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the robbers grave
The Robber's Grave in Montgomery or "the grave of the man unjustly hanged" has long been a legend of note connected with the town of Montgomery.
In 1821, John Davies a plasterer from Wrexham was accused by William Jones from Welshpool of assault and robbery.
Jones produced two witnesses (not to the robbery) and appealed to them to help him find his assailant and to finding his missing watch and money on Davies' person. Davies was accordingly committed to the autumn sessions, where he pleaded 'not guilty' but was found guilty by the jury.
At that time highway robbery was one of the many crimes punishable by death. At the place of his execution, persons claimed to have heard John Davies declare his innocence and pray that God would not allow the grass to grow on his grave for a hundred years as a sign of his innocence.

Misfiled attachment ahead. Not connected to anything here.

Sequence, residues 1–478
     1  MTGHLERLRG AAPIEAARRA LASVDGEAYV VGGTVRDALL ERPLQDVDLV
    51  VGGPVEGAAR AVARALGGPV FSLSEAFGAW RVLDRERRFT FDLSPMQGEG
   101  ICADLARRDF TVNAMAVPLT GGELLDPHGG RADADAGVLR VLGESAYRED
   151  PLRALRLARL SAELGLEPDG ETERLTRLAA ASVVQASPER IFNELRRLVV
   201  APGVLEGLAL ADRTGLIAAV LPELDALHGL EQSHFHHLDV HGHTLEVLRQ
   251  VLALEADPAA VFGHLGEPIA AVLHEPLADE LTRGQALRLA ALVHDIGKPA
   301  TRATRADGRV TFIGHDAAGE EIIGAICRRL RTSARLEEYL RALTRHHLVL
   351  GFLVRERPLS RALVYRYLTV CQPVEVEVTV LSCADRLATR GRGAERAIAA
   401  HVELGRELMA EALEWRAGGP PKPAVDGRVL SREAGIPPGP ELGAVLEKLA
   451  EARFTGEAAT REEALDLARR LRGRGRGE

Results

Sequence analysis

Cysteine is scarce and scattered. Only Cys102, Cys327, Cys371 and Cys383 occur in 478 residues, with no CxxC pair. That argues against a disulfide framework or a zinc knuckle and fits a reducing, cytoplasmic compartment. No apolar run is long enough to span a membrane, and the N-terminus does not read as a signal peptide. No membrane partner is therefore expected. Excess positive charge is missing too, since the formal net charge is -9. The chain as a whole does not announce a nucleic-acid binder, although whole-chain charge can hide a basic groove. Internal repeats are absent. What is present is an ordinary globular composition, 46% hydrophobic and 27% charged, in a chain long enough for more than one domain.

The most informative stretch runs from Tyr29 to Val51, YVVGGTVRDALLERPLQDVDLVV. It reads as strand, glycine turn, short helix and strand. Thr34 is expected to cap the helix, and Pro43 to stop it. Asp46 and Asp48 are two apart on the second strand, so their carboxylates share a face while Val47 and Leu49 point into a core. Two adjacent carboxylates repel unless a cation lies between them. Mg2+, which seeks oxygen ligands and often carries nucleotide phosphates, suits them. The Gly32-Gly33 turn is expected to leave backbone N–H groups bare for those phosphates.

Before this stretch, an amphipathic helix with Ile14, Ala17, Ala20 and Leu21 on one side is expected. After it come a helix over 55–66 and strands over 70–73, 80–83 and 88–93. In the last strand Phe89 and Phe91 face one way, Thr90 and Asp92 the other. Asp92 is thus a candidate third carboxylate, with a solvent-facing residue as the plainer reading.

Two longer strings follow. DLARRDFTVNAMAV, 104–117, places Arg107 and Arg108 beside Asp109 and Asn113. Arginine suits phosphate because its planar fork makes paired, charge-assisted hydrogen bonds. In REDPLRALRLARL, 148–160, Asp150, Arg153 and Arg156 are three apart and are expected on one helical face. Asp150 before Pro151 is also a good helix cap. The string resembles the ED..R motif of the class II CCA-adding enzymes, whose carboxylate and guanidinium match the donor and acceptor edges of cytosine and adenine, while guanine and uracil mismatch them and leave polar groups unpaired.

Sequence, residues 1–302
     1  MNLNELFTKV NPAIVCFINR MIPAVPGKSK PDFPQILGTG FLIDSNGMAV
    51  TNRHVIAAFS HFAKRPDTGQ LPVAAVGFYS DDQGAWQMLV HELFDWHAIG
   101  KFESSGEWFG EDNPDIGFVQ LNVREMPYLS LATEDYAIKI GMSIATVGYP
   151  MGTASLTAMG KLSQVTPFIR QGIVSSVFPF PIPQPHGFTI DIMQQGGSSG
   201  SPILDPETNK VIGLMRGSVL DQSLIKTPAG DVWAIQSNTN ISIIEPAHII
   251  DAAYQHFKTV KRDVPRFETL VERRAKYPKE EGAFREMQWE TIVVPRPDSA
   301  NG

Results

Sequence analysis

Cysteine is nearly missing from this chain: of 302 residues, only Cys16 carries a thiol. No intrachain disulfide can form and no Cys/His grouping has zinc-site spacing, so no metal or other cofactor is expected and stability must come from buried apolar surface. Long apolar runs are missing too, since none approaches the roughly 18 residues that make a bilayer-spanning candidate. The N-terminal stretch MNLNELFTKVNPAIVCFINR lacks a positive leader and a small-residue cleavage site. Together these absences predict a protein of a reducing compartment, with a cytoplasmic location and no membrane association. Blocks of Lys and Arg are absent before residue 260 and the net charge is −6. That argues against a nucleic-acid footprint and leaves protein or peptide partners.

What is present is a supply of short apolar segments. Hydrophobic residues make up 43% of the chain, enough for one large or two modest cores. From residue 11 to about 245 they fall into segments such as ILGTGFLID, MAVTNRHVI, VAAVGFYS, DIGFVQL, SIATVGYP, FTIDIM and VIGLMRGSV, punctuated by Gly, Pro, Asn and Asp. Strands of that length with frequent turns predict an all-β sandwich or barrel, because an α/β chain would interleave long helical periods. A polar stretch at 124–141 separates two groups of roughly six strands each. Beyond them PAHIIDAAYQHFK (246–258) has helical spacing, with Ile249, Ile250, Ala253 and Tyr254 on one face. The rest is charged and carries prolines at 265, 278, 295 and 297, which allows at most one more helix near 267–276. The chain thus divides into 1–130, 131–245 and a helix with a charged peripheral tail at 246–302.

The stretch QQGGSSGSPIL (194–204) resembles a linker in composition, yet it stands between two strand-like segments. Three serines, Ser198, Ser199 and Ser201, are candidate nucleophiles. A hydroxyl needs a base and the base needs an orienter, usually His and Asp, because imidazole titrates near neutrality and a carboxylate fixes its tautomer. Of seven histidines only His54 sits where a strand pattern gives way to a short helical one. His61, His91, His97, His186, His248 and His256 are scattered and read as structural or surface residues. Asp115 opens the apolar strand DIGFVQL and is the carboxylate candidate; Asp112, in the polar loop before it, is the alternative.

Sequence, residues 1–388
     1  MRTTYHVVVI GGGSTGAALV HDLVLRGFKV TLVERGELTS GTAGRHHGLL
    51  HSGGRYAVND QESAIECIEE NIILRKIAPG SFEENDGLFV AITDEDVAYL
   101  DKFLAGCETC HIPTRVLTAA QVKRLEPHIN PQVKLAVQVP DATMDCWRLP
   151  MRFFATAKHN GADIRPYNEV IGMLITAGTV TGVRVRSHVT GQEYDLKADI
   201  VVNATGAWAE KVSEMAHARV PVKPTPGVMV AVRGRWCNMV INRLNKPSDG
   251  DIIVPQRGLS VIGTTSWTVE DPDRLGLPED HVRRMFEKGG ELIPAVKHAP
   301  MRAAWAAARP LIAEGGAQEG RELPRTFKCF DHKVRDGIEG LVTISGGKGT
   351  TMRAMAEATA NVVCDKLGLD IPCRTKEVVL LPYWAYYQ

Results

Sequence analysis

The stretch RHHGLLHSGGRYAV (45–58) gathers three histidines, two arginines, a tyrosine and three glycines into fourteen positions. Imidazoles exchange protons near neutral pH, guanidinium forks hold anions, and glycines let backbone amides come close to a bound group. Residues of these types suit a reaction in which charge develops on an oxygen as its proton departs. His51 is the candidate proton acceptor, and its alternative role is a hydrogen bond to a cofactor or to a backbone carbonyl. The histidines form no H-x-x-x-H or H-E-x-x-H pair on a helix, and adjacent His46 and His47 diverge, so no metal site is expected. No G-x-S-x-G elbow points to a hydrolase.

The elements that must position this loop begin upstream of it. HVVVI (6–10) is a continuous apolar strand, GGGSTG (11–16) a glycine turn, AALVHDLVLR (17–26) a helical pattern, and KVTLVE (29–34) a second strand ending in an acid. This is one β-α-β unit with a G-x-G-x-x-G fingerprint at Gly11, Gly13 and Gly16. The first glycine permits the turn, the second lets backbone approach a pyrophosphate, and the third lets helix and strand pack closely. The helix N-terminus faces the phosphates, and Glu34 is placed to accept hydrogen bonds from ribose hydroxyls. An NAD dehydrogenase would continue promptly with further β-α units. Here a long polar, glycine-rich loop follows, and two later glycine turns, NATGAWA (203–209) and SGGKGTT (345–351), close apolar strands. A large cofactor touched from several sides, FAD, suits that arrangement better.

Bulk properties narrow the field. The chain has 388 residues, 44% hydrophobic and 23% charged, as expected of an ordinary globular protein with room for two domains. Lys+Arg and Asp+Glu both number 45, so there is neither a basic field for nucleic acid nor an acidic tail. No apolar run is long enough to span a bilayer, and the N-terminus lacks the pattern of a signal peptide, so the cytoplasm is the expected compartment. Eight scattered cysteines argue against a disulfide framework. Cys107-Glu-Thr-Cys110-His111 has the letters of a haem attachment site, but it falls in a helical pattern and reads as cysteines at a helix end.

He was buried in a portion of the churchyard where there had been no previous burials. The grave lies about 24ft west of the path from the north gate of the churchyard to the church tower, and about 30ft from the gate.
you smile because iam different,i laugh because your all the same
Nov/15/2008, 1:27 pm
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